All of us here at the Idaho State Historic Preservation Office enjoyed Roberta Axidea's April 1st proof of the Basque colonization of Idaho during the Middle Pleistocene 60,000 years ago (BW, Were Basques the first?, March 28). I will certainly add this scholarly contribution to the bulging file beside me labeled Annals of Idaho's Alternative Archaeology. There, the Neanderthal Basques will join several privately published monographs on the hominoid beachcombers who roamed the shores of Lake Idaho during the early Pliocene, thumping fish on the head with Acheulean handaxes; a not-yet-yellowed newspaper clipping with photographs of Easter Island statues carved into remote Owyhee basalts in the 1820s by Ogden's lost Hawaiian fur trappers; and the final (suppressed) forensic report on who Blue Suitcase Man really was.
Those Boise Weekly readers who have heard of the actual Siberian/Iberian controversy—whether Clovis hunters trooped across the Bering Land Bridge from Asia or paddled across the north Atlantic from Spain—might want to attend Dr. Dennis Stanford's public presentation on the subject on May 17 in Twin Falls. Dr. Stanford, the Paleoindian specialist at the Smithsonian Institution, is one of the most committed advocates for the Iberian connection. His talk, entitled "New Perspectives on New World Origins," is sponsored by the Snake River Chapter of the Idaho Archaeological Society and the Herrett Center for Arts and Sciences as part of Idaho Archaeology and Historic Preservation Month, and is scheduled at 7:30 p.m. in the Rick Allen Room at the Herrett.
—Dr. Ken Reid, State Archaeologist, Idaho State Historic Preservation Office
Late last night while relaxing with the latest issue, I became immersed in the article about the ancient Basque relics found in the Owyhees. Just lately, fossils and relics which don't conform to the usual paradigms have been the subject of some conversation between myself and friends. Archaeologists and anthropologists often like to pretend they've cornered the market on the truth regarding the past. And I was itching to relate my newfound knowledge to my friends ... However, the more I pondered the article, the more preposterous it seemed. The pics of the statues were the giveaway to what I realized could only be an April Fools' hoax. So do I win $25 or a pair of tickets to The Flicks?
Republicans are people, too
I read with some dismay the article Bill Cope wrote demeaning Republicans in the name of belittling bigotry (BW, Brown Man's Burden, April 4). On the latter point, I entirely agree there's no room in a country as large and as good as ours for bigotry, which, at its heart, is simply hatred. And I think there's no room for hatred, which should be opposed in any and all guises in which it may appear—which is why I am dismayed by the article. It purports to oppose bigotry, but the vast majority of the article is pickled through with hatred of Republicans, while giving scant evidence to support his points. The Boise State incident he quotes I am unfamiliar with and certainly sounds tasteless as described. But he mentions Colin Powell as evidence of the progress America has made—a man who, last I checked, was appointed by a Republican. But as he says, "racism has more to do with ingrained scorn—the perpetually demeaning attitude, the self-congratulatory posture of cultural superiority." If so, is it wrong to oppose treating other people with such scorn—even if those people are, oh my, Republicans? I submit that it is always proper to oppose demeaning other people regardless of their race, their religion, or, yes, even their political affiliation. Our country is too good for that.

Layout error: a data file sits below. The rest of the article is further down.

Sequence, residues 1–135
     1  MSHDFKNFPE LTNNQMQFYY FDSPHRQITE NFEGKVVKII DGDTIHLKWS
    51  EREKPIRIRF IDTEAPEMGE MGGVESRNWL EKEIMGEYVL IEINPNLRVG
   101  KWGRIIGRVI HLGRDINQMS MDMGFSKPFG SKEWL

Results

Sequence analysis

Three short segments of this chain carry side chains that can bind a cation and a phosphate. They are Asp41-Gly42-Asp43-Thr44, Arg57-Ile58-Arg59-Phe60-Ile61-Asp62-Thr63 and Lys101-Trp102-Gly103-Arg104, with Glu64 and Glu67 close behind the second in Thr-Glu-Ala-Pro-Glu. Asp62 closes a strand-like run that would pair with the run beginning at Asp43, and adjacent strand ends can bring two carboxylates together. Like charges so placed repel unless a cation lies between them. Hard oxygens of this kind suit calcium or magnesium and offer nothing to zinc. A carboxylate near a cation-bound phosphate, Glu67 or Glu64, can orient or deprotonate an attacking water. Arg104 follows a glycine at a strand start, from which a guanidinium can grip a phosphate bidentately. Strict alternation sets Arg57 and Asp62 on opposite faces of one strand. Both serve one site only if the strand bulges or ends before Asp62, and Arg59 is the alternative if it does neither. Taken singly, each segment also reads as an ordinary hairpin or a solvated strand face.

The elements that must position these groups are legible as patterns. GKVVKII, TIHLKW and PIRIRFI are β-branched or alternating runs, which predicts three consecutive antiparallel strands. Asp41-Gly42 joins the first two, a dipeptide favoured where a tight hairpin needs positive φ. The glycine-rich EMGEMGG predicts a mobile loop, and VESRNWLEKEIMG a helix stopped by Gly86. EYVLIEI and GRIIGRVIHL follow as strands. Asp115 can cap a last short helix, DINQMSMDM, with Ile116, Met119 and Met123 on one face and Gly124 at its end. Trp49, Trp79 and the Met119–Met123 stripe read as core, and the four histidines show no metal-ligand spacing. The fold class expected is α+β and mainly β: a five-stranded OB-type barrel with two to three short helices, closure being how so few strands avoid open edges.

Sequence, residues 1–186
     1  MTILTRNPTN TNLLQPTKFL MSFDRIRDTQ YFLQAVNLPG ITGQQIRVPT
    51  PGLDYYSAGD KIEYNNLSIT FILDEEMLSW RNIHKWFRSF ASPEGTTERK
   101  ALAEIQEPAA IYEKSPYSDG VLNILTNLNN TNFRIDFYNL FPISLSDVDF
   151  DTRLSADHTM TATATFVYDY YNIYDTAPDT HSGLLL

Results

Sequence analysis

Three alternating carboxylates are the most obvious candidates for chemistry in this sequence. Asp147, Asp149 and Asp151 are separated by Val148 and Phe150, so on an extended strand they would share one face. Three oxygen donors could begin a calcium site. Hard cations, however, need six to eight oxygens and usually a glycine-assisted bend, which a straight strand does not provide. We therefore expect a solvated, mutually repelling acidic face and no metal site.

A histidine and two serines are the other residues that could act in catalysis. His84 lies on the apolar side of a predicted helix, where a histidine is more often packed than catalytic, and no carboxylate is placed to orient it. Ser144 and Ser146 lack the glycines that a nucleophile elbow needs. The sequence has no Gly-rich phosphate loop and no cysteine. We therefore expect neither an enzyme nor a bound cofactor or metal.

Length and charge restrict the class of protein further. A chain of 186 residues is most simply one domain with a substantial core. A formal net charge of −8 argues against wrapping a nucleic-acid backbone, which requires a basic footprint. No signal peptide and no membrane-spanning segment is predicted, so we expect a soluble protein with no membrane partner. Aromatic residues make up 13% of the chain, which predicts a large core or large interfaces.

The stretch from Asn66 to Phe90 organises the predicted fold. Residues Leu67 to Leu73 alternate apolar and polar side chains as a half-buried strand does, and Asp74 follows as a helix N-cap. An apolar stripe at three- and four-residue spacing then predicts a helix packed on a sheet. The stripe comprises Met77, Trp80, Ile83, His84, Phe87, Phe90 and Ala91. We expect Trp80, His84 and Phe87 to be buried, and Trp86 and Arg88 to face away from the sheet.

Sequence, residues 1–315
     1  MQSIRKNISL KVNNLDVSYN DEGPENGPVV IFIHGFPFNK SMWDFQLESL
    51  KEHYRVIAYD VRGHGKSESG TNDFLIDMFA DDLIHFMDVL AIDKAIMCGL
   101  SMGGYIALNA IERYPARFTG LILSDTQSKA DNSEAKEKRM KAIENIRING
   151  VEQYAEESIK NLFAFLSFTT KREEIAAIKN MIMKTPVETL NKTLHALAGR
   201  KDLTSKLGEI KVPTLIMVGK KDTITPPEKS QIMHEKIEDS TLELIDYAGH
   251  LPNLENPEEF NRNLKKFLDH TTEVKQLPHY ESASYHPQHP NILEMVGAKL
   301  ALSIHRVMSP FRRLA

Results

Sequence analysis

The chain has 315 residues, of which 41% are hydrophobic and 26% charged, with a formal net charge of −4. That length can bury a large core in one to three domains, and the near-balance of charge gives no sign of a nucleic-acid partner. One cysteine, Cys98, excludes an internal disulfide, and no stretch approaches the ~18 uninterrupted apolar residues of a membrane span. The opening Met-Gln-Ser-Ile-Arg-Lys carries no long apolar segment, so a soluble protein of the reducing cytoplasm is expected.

—Mickey Myhre, MD,
how Sali votes
U.S. Rep. Bill Sali (R-1st) voted against a bill to crack down on the barbaric and inhumane practices of illegal dogfighting and cockfighting. The House approved the measure, advocated by The Humane Society of the United States, by a commanding vote of 368–39. The National Sheriff's Association backed the bill because animal fights spawn narcotics traffic, public corruption, human violence and illegal gambling. The poultry industry also endorsed the legislation to prevent the spread of avian diseases, including bird flu. We are disappointed that Rep. Sali voted against humane organizations and law enforcement agencies on this issue. We hope he exhibits greater sensitivity to animal welfare when other anti-cruelty matters come before the House.
—Wayne Pacelle, president & CEO, The Humane Society of the United States Washington, D.C.
isp witch hunt
This is regarding the recent issues with the Big Easy concert house and the witch-hunt tactics of the Idaho State Police on that establishment. While I'm not a frequent patron of the Big Easy, my wife and I do occasionally go there just as we do the Idaho Shakespeare Festival, Idaho Center, the fair and other cultural activities. The Big Easy brings a wealth of culture to the city and state. I am very disappointed that time and energy was spent by my police force in investigating these morality crimes. I would very much like them to spend more time investigating cases of vandalism, Greenbelt patrols, and serious crime investigations like meth labs. I personally feel safe at the Big Easy. I cannot say I feel safe in areas of Canyon County or on the Greenbelt. I have a hard time justifying and voting for increases in funding for ISP knowing well that the ISP are spending time/money in such minor investigations as male dance revues.